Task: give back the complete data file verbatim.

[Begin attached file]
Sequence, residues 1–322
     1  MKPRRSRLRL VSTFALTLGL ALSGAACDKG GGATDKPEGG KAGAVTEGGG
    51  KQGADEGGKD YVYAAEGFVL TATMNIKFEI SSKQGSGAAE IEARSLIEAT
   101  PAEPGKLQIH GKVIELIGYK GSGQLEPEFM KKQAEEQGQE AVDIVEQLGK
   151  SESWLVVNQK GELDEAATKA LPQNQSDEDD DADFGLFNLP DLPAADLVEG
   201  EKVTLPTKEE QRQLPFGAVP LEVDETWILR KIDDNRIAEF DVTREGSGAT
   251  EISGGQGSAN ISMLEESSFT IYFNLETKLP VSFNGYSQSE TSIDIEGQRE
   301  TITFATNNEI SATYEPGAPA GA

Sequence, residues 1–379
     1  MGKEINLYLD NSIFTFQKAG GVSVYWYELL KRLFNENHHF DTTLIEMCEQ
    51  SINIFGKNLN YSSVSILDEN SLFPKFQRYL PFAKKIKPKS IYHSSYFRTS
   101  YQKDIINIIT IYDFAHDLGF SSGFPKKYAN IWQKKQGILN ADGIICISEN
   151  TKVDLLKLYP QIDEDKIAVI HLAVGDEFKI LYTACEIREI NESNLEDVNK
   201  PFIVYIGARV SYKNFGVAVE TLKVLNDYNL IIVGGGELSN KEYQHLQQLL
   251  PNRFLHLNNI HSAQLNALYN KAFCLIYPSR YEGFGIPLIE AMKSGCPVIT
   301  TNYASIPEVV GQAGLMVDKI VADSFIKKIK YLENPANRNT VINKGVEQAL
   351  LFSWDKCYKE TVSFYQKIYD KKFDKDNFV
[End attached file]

Sequence, residues 1–322
     1  MKPRRSRLRL VSTFALTLGL ALSGAACDKG GGATDKPEGG KAGAVTEGGG
    51  KQGADEGGKD YVYAAEGFVL TATMNIKFEI SSKQGSGAAE IEARSLIEAT
   101  PAEPGKLQIH GKVIELIGYK GSGQLEPEFM KKQAEEQGQE AVDIVEQLGK
   151  SESWLVVNQK GELDEAATKA LPQNQSDEDD DADFGLFNLP DLPAADLVEG
   201  EKVTLPTKEE QRQLPFGAVP LEVDETWILR KIDDNRIAEF DVTREGSGAT
   251  EISGGQGSAN ISMLEESSFT IYFNLETKLP VSFNGYSQSE TSIDIEGQRE
   301  TITFATNNEI SATYEPGAPA GA

Sequence, residues 1–379
     1  MGKEINLYLD NSIFTFQKAG GVSVYWYELL KRLFNENHHF DTTLIEMCEQ
    51  SINIFGKNLN YSSVSILDEN SLFPKFQRYL PFAKKIKPKS IYHSSYFRTS
   101  YQKDIINIIT IYDFAHDLGF SSGFPKKYAN IWQKKQGILN ADGIICISEN
   151  TKVDLLKLYP QIDEDKIAVI HLAVGDEFKI LYTACEIREI NESNLEDVNK
   201  PFIVYIGARV SYKNFGVAVE TLKVLNDYNL IIVGGGELSN KEYQHLQQLL
   251  PNRFLHLNNI HSAQLNALYN KAFCLIYPSR YEGFGIPLIE AMKSGCPVIT
   301  TNYASIPEVV GQAGLMVDKI VADSFIKKIK YLENPANRNT VINKGVEQAL
   351  LFSWDKCYKE TVSFYQKIYD KKFDKDNFV